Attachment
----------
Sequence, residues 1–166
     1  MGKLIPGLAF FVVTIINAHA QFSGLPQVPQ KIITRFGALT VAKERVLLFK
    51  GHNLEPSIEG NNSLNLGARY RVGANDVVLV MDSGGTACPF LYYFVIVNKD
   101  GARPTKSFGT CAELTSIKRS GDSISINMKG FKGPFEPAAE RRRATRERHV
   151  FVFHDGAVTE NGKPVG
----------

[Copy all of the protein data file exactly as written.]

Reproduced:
Sequence, residues 1–166
     1  MGKLIPGLAF FVVTIINAHA QFSGLPQVPQ KIITRFGALT VAKERVLLFK
    51  GHNLEPSIEG NNSLNLGARY RVGANDVVLV MDSGGTACPF LYYFVIVNKD
   101  GARPTKSFGT CAELTSIKRS GDSISINMKG FKGPFEPAAE RRRATRERHV
   151  FVFHDGAVTE NGKPVG